Moving Towards a Green Ledger
What if sustainability performance could be managed with the same rigor as financial performance? Where it becomes as effortless as financial transactions in your enterprise resource planning (ERP) systems, where a carbon network makes data exchange easy, and where end-to-end carbon accounting tracks product emissions across the entire value chain?
Ledger-based transactional carbon accounting provides all of this and more – and it’s not new. It is an amalgamation of a suite of solutions, an ecosystem of platforms. Working together, they have the power and interactivity to collect and assimilate emissions data using a hybrid approach to help businesses transition from estimated or average emissions values to actual and verified data. A double entry approach allows companies to balance emission in- and outflows.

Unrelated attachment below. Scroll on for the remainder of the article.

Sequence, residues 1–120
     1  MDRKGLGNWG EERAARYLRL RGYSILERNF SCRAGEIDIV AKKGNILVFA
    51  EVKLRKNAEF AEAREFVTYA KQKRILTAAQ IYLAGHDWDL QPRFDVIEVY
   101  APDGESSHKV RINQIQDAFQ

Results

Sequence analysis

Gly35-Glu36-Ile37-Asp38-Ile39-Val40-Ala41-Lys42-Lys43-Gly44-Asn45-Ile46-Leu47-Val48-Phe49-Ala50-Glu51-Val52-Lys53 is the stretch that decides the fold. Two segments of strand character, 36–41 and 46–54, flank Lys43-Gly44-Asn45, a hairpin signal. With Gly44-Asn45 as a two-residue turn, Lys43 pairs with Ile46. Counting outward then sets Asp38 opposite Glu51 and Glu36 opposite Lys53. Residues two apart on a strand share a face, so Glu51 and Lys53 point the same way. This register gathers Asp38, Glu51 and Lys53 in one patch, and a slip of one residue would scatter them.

A sustainability ledger provides auditable carbon reports and attaches emissions to financial costs and revenue. This provides companies with the capability to analyze carbon emission hotspots through a financial lens across cost centers, profit centers, and market segments.
Finding the Key to Collaboration in the Automotive Industry
Perhaps most importantly, the sustainability ledger approach provides a platform for collaboration and integration of data throughout an entire value chain. The Catena-X Automotive Network is the first open and collaborative data ecosystem capable of allowing companies to work together to establish transparent processes and common data standards from material acquisition to manufacturing and distribution to meet sustainability and regulatory requirements.